As to pertinent distances Gibson testified that it was about fifteen feet from the railroad track to Blythe's store, and about ten feet from the track to the oak tree.

On cross examination Gibson testified that on the day following the collision he signed a written statement concerning the collision for A. J. Parker, claim agent for the defendant. At the trial he stated he did not remember some of the statements as written, and stated he was scared at the time he gave the statement. Mr. Roy Terry, the plaintiff, was present at the interview, and witnessed Gibson's signature as did Parker. After Gibson signed the statement he made the following notation "—read—true."

This statement signed by Gibson sets forth, among other things:

"When I reached College Street, I turned south toward the railroad crossing. Mr. H. B. Terry pulled out from a store ahead of me, and I was following behind Mr. Terry when he drove over the crossing and saw him throw his hand up, and then I saw the train coming west. I was then about 20 or 25 feet north of the track when I saw the train, and I put the brakes on and tried to stop, but the weight of the trailer kept me from stopping until the front end of the tractor was on the track. I cut the wheels to the right and tried to put the gears in reverse, but the motor died, and then I jumped just as the train hit the tractor. When I first saw the train it was about 40 to 50 feet east of the crossing and looked like it was travelling pretty fast, and when I reached the track the train was right on me. * * * I did not hear the horn blow on the train and did not hear the bell ringing. The view to the east from the north side of the crossing is obstructed until the front of the tractor was right up to the track. If I had not seen the train at the time Mr. Terry waved at me, I would have gotten all the way up on the track before the accident."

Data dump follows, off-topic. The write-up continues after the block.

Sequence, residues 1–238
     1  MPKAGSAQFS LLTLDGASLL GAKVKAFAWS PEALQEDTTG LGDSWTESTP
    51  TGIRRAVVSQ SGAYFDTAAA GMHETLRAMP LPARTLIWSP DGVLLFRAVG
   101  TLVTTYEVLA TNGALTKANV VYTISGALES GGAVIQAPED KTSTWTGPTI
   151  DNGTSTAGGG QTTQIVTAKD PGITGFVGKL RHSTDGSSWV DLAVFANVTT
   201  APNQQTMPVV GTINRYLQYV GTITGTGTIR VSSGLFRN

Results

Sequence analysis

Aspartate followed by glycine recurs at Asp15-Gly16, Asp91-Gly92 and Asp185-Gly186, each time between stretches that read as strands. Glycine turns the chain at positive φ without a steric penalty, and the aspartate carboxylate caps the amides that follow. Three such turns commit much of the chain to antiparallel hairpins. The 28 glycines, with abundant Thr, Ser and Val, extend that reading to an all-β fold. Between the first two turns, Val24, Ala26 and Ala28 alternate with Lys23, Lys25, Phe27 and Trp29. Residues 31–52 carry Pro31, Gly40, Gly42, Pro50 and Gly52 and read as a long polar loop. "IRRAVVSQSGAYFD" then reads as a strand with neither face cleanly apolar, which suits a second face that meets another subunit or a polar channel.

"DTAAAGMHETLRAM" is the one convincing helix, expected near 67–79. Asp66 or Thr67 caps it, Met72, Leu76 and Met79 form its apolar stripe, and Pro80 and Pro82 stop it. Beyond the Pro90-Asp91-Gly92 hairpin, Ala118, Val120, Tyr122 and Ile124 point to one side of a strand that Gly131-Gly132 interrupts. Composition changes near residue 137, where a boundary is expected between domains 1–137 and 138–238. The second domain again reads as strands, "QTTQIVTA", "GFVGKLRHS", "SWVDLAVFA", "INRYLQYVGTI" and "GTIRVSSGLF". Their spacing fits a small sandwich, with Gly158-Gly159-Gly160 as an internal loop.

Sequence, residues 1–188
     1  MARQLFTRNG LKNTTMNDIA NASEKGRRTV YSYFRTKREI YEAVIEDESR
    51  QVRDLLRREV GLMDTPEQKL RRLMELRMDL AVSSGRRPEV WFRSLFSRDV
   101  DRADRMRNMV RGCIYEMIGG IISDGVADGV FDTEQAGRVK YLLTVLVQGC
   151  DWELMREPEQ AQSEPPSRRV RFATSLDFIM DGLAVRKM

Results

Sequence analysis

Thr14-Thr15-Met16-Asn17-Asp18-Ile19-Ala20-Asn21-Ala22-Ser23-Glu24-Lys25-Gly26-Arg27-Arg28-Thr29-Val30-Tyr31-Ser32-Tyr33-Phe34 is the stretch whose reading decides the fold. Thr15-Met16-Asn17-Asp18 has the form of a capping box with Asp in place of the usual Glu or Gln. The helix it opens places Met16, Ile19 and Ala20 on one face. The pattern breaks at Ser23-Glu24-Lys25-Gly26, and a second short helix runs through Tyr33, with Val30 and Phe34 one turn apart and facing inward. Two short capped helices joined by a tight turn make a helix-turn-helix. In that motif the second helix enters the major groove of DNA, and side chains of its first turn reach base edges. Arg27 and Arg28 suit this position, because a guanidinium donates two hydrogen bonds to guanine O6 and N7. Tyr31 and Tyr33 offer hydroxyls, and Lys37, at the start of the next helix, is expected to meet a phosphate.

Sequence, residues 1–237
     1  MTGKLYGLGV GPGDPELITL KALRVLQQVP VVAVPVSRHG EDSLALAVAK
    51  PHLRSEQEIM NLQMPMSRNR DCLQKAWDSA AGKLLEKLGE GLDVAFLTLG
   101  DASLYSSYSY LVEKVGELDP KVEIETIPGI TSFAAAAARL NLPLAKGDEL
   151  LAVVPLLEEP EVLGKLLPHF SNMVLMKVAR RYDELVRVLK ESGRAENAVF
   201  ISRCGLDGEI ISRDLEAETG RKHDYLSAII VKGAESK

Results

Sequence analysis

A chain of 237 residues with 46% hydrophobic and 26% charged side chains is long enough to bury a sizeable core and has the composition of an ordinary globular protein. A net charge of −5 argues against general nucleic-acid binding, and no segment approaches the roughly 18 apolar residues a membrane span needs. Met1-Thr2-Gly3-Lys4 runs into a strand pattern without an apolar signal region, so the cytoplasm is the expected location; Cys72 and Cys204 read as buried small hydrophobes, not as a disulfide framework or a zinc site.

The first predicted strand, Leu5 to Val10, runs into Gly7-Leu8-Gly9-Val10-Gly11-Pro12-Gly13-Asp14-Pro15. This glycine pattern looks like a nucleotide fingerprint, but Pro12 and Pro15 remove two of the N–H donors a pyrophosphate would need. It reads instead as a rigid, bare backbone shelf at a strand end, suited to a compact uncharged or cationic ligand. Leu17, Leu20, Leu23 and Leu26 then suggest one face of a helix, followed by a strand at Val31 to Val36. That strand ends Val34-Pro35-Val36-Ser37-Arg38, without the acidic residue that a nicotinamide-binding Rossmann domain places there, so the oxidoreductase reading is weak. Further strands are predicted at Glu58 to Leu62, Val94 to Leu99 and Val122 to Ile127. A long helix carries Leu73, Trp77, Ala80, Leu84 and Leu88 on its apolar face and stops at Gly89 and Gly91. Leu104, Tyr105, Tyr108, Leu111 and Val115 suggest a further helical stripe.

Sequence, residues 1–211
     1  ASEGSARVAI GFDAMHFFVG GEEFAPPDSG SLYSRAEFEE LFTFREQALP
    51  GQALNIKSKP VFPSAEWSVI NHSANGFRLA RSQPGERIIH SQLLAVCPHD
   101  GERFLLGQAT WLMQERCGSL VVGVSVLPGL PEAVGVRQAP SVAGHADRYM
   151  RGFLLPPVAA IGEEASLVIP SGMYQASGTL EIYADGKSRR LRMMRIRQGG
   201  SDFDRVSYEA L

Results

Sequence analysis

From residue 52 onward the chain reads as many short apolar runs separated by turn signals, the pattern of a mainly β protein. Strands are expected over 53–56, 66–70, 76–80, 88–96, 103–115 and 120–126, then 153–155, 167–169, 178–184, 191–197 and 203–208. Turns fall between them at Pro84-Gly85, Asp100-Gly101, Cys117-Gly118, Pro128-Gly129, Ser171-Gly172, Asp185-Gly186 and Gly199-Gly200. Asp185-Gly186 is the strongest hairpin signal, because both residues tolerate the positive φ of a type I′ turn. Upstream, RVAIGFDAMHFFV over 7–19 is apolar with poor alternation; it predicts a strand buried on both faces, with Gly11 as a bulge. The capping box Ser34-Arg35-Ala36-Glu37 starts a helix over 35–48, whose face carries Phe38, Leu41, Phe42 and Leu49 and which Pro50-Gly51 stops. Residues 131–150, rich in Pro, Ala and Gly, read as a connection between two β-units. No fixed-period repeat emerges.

Robert Hill's testimony was largely corroborative of Gibson's testimony given at the trial, though he testified that at the time Gibson stopped the tractor he was a little past the Oak tree, which this witness estimated was about 20 feet from the track, but had not passed the tractors in the vacant lot. He did not hear the train whistle, or any bell ringing.

Photographs of the locus, taken on the day following the collision were introduced into evidence by the defendant, it first being established that the tractors and farm machinery shown in the photographs were in the same positions as they were at the time of the collision.

For the defense, C. A. Turner, defendant's station agent, testified that he saw the collision; that Gibson did not stop as he approached the crossing, and the tractor skidded 20 or 25 feet until it stopped on the track, a dark mark shown on defendant's Exhibit being the skid mark.